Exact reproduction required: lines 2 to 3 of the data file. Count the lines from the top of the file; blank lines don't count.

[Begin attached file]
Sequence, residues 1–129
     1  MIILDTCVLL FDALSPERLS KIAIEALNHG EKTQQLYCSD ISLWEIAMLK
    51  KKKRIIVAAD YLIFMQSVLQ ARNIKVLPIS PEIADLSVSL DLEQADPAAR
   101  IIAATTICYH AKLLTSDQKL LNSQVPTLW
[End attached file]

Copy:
     1  MIILDTCVLL FDALSPERLS KIAIEALNHG EKTQQLYCSD ISLWEIAMLK
    51  KKKRIIVAAD YLIFMQSVLQ ARNIKVLPIS PEIADLSVSL DLEQADPAAR